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I've switched formats for ALL of the data used in my applications to a Lua
compatible form (where practical of course... lots of binary data =
impractical).  This lets anyone who knows Lua the least little bit modify
the data and write it back out.  Scripts can be written to batch process
data or even to write it out in a custom binary format, if needed.

The point is, I find it impractical to write custom parsers for the types of
data Lua handles best.  The power and control given to the user through the
scripting capabilities are unmatched.  The concept of "macros" (as I've
described to some of the people who use Lua to create large amounts of data)
can be implemented to speed data manipulation:

function MakeBoat(color)
    local table =
        Data1 = "blah",
        Data2 = 5,
        Color = color,
    return table

Boats =

4 lines instead of 20 lines to describe the boats, and a lot easier to
maintain.  The best part is, rather than taking the runtime hit for
generation of the boats, the file can be loaded into a Lua state and dumped
back out (say, through my Lua wrapper's Script::SaveText() function...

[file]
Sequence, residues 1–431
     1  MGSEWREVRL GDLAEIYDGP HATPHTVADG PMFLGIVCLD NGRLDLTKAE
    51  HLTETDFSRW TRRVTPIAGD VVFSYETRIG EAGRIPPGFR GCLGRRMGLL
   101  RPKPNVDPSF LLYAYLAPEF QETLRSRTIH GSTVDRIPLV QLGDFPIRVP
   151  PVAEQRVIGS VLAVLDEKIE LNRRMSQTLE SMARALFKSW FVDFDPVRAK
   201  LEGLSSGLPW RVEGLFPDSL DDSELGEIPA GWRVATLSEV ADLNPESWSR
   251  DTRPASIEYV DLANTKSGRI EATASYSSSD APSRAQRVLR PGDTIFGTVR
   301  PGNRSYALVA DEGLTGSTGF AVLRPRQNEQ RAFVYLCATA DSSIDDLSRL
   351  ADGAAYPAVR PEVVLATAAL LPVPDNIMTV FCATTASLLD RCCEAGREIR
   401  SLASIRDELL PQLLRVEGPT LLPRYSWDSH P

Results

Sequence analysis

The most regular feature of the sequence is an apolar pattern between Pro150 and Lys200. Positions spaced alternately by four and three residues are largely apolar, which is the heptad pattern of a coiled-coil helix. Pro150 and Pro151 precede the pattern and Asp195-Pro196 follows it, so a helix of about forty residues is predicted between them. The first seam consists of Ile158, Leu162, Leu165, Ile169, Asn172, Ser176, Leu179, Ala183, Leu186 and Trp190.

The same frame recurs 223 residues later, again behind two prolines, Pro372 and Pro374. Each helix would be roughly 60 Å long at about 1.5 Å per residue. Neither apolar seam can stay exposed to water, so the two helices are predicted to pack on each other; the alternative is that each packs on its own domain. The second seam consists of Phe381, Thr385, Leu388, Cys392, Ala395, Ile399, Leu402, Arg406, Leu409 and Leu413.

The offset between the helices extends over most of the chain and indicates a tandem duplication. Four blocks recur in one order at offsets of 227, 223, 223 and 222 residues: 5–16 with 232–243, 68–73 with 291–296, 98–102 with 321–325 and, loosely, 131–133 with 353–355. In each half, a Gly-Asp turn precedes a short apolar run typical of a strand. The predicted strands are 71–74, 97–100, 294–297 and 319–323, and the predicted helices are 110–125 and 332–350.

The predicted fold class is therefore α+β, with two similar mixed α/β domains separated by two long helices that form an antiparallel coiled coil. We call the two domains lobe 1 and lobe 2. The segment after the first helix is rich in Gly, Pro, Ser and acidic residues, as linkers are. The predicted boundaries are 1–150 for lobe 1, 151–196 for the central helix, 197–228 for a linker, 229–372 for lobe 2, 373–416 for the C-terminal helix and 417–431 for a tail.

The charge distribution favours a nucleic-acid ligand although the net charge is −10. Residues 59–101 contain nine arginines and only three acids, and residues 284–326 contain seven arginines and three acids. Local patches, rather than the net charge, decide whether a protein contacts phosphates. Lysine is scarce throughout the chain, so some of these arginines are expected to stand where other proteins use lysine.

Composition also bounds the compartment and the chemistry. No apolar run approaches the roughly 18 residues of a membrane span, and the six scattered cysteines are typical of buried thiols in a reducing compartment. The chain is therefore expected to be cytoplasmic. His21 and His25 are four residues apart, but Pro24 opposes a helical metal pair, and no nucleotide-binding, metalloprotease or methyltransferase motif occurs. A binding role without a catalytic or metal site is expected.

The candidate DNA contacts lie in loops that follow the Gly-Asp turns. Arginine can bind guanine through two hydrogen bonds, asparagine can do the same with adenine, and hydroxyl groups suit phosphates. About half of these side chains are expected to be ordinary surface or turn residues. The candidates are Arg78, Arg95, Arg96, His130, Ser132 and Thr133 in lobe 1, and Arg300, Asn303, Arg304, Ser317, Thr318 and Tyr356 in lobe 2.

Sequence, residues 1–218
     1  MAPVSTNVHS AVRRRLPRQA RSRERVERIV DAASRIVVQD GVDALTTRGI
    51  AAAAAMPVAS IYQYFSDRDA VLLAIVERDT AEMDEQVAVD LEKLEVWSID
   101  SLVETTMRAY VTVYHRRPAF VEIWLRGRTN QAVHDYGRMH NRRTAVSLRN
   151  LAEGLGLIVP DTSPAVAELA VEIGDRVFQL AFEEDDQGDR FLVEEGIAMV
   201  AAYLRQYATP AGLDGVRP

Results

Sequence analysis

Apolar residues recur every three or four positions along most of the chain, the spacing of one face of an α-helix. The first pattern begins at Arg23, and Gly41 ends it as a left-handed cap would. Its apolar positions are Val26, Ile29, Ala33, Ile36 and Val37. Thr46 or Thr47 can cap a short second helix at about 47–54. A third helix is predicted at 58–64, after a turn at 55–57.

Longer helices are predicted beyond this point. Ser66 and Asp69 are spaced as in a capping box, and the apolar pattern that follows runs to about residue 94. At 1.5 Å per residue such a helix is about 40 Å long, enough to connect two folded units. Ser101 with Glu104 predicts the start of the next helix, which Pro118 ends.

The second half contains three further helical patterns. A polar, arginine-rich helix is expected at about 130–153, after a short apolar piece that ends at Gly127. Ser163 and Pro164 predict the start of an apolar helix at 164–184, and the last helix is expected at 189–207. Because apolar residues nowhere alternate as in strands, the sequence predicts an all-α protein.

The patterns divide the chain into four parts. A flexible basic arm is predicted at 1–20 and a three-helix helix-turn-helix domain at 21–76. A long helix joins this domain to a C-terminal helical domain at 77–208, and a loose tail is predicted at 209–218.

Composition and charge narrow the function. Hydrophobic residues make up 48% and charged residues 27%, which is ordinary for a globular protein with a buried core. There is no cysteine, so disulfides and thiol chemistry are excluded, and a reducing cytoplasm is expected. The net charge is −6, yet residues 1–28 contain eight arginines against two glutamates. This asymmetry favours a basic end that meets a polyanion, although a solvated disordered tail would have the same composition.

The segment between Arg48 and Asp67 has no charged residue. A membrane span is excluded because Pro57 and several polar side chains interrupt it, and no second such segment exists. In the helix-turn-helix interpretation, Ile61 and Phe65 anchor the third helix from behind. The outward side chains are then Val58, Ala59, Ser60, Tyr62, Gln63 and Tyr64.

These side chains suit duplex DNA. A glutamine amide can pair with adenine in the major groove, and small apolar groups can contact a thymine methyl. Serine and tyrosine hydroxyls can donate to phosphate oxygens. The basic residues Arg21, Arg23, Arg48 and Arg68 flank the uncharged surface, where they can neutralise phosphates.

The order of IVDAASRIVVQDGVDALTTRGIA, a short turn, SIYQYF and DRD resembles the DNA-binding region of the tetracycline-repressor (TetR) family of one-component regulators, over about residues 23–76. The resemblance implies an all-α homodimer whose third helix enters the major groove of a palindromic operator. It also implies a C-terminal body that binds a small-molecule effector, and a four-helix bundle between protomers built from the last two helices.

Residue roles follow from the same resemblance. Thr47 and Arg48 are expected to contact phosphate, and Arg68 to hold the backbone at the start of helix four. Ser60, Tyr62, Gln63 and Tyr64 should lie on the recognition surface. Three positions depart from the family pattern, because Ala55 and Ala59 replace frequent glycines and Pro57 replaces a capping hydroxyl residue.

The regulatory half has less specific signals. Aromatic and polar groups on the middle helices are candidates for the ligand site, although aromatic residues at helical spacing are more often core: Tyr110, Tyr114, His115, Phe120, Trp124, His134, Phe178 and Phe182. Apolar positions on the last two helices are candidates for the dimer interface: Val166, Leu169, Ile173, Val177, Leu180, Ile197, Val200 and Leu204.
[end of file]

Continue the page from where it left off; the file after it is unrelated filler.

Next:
although it doesn't handle cyclic data)... find it in the Misc. Code section

Anyway, I'd recommend that anyone use Lua FIRST for their data and
scripting, and if needed, custom solutions can be built.  I find the need
for custom solutions to be few and far between.

Just my take,

----- Original Message -----
From: "Nicolas Devillard" <>
To: "Multiple recipients of list" <>
Sent: Wednesday, July 18, 2001 8:53 AM
Subject: Re: Roberto book, persistance, data structures

> On Wed, 18 Jul 2001, Philippe Lhoste wrote:
> [...]
> > The .ini format is fine, except it doesn't support multi-users (or you
> > must handle these by hand), and it is not hierarchical.
> The ini file format can be made hierarchical by reserving a character as a
> separator in the section names. Example: with '/':
> [Section/Subsection1]
> [Section/Subsection2]
> ...
> Use any character you want as long as it is not used in a section label,
> and you have your hierarchical ini file. Not the best but you can find
> parsers for ini file all over the place so you do not have to reinvent the
> wheel. All depends on how hierarchical you need your file to be. XML might
> also be a choice there.
> As to making the ini file aware of different users, nothing prevents you
> from using a naming scheme to do that, something like appli-user1.ini,
> appli-user2.ini, etc.
> Many, many solutions for config files out there. Have a look into
> freshmeat for starters :-)
> Cheers
> --
> Nicolas